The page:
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06.05.02


  Viper Wire by Richard Kadrey
 

A Cautionary Tale

They were taking down Black Boars along Hell's western edge. Black Boar was what they liked to call the horned demons at the hunting lodge. That or Long Pig. No matter how many times they heard it, it always made them laugh. There was a lot of drinking at the lodge in those days.

It was old Tom Atell's turn to perform the annual rites of Assumption. Celibate, alcohol-free, and a dedicated scholar for a year, Tom seemed positively eager to bleed himself and get to the killing. He mixed his blood with swamp herbs within a mandala, and Hell opened up. The hunters grabbed their guns, food, and coolers full of beer and headed out.

Two days later, the group had split into three separate hunting parties, meeting back at camp each night to tell war stories and clean the gristle from their trophy horns.

Pete Winnetka told the rest how his group hadn't seen a single demon that day, but had found some ruins over a ridge to the north. He and his buddies had approached carefully, wary of traps, but none of their charms had vibrated to indicate danger. They didn't venture far inside, but they didn't have to. Pete and his boys showed the others pocketfuls of what appeared to be diamonds, each marked with a character in what Tom Atell verified was a kind of angelic script.

They set out for the ruins the next morning, leaving their supplies and stacks of cleaned horns at camp. It was hard going. The switchbacks up the ridge were hell on Benny Gershon's trick knee, and, when Norm O'Farelley got off a potshot at a passing demon, he almost took a header into the clouds below.

The ruins were less impressive than the men had hoped. Most were looking forward to some crumbling Camelot, but what they found looked more like a branch bank at a burned-out mini-mall. Still, the lure of heavenly diamonds led them inside. When they'd filled their pockets and knapsacks with everything on the ground, they got out their Mag-Lights and descended the rotting wooden stairs Tom Atell found in the back of the place.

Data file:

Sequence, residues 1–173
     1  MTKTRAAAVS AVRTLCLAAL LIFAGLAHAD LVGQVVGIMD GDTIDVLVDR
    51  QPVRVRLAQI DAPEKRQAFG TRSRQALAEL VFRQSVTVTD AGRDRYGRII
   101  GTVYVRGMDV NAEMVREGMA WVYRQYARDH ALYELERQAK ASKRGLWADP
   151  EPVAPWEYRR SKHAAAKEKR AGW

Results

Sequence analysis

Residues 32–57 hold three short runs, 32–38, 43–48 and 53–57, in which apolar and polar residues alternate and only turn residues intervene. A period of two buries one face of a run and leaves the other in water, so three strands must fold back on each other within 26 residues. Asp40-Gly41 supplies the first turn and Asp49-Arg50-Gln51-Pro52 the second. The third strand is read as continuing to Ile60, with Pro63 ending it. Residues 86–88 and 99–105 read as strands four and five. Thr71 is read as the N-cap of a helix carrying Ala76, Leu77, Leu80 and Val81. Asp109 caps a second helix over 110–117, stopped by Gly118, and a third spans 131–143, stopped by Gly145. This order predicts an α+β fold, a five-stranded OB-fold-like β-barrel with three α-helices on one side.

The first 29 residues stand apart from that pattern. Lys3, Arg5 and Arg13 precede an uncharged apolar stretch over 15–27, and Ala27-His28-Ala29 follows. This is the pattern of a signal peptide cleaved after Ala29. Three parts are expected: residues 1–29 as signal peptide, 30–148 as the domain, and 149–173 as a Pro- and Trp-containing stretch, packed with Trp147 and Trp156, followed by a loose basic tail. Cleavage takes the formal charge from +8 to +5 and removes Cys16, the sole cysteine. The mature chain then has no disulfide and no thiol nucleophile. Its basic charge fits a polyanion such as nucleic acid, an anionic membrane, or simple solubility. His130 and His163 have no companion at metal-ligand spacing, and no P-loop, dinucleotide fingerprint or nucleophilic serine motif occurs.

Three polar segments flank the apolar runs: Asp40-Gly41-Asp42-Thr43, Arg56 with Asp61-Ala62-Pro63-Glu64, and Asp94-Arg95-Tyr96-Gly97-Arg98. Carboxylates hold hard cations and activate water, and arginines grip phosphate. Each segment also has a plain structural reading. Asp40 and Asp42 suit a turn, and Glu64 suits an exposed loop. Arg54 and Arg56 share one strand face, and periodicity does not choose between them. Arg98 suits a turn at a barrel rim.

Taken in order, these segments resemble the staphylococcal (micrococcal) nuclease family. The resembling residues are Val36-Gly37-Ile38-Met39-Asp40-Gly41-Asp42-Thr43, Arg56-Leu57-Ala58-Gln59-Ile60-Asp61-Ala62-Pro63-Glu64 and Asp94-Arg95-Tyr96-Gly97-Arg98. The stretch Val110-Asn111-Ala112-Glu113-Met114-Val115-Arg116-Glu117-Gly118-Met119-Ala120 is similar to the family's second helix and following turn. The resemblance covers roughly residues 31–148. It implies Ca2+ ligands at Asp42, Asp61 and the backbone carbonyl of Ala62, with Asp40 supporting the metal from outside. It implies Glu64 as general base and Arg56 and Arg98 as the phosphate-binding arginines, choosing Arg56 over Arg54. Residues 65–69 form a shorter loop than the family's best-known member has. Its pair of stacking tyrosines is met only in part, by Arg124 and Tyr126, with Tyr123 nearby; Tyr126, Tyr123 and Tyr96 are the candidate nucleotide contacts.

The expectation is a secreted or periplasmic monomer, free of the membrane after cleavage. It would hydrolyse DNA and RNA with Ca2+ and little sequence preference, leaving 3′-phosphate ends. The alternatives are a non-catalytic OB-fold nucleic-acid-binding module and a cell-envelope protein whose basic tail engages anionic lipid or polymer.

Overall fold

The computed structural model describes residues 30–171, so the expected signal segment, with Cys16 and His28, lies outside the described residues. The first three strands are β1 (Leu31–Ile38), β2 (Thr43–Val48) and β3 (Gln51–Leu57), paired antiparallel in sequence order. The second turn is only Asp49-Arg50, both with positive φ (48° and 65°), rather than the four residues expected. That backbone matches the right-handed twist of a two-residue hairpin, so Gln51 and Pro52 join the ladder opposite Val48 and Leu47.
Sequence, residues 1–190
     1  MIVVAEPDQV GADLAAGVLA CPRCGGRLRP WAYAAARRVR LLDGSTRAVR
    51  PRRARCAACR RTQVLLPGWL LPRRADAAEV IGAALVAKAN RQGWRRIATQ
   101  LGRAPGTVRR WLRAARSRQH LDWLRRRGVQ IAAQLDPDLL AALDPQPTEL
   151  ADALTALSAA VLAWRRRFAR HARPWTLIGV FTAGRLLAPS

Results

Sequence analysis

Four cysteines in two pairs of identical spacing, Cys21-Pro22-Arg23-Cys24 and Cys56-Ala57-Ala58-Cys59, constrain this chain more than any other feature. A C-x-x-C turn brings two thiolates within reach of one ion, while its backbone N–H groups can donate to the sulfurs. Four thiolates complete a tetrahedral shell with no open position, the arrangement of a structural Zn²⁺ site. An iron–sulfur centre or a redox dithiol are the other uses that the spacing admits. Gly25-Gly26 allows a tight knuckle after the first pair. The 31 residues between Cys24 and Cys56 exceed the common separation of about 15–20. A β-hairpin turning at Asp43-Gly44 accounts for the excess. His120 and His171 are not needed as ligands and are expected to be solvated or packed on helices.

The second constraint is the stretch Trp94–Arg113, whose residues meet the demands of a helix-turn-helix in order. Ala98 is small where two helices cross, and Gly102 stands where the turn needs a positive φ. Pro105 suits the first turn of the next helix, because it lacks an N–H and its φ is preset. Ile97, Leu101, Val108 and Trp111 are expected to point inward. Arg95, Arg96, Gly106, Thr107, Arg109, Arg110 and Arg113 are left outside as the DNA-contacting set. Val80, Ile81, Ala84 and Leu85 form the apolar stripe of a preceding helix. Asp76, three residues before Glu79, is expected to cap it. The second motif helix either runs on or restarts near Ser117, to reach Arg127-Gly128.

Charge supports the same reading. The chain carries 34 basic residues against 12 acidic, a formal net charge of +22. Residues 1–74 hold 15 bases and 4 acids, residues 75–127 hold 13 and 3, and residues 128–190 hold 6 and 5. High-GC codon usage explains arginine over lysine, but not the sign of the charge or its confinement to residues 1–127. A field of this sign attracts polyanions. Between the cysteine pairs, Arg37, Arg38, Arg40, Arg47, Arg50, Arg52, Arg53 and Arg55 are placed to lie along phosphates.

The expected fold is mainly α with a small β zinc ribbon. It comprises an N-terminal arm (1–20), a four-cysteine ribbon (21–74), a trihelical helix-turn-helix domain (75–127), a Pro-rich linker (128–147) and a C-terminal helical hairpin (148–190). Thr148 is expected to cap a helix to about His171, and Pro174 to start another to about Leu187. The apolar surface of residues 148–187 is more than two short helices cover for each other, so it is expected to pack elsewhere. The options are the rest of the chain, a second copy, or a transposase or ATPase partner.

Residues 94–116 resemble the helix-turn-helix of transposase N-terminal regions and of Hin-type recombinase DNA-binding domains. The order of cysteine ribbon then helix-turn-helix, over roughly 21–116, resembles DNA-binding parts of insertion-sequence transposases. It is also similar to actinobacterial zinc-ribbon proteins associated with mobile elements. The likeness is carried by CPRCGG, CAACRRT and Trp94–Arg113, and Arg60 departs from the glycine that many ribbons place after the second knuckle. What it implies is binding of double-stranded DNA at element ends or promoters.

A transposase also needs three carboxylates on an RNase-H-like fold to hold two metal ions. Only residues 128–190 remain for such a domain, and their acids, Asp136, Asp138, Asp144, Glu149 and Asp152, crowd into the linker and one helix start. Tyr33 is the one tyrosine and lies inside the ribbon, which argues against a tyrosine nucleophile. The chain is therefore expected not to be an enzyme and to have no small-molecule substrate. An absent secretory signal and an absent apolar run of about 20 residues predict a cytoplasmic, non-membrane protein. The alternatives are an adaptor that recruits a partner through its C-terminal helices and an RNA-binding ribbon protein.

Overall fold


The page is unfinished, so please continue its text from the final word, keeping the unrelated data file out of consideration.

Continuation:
There was fetid standing water at the bottom. Rows upon rows of metal storage bins, like safety deposit boxes, stretched in all directions into the gloom. In the distance, one whole row was twisted where the floor had collapsed. Benny Gershon hobbled over to the nearest bin and banged it open with the butt of his rifle. Light flooded out. Covering his eyes with his hand, he cracked open another. Again, there was a burst of light. Something fell into the water. The hunting party crowded around to see what had fallen. It was one of the diamonds. "They're stars," said Tom Atell, remembering something in one of the books he'd been studying all year. "These are new ones. The ones we found outside must be old, burned-out ones." The others mumbled in agreement.

Pete Winnetka called from the other end of the place, and the men ran to the sound of his voice. There was a big vault door, half-open, a darkened room beyond. Tom Atell was the first to squeeze in. The others came in behind. In the center of the room was nothing. A big dark ball of it, like a miniature black hole. It absorbed light and seemed to suck all the sound from the room. The men could barely hear each other.

"What the hell is it?" asked Norm O'Farelley, and reached the barrel of his gun toward it. Something moved inside the bubble, enormous and reptilian.

Tom Atell was already backing toward the door. "Leave it, boys. I don't like the smell of this place," he said, but no one could hear him. When O'Farelley's gun touched the edge of the nothingness, it sucked him in. He crumbled like wadded paper, all splintered bone and jetting blood, but the grip of the nothingness was absolute and it didn't leave an atom of Norm behind. Then one-by-one, it laid into the rest of the hunting party.

Tom Atell was out of the vault and running. He didn't look back. He knew his buddies were all dead. It was too bad he had to let them die, but when dumbass Norm woke up whatever the hell lived in the vault, Tom knew this was his only chance to get away. And he almost made it. He was halfway up the rickety stairs when the thing grabbed his leg and began pulling him inside. From this new vantage point—eyeball to gullet—Tom could see its great crocodile head and maw. Sliding past its teeth, he even remembered its name. Ammut. The one Egyptians called the Eater of Souls. Heading for its stomach, Tom wished he'd studied better, but the whole celibacy thing had been too much of a strain. It wasn’t fair, though. He'd only lost control those couple or three times…

To this day, demon children play in the ruins of the old haunted vault. The brave ones will even venture down a few steps on the wobbly wooden stairs. When they misbehave or won't finish their dinner, demon parents tell their children that they'd better be good or the mortal hunters will creep from the vaults and into their rooms at night to chop off their horns.

 

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Richard Kadrey is a member of a small group of innovative writers, including William Gibson, Bruce Sterling, John Shirley, Pat Cadigan, Tom Maddox, and others, who changed the face of science fiction in the 1980s. He also creates art. He lives in San Francisco.

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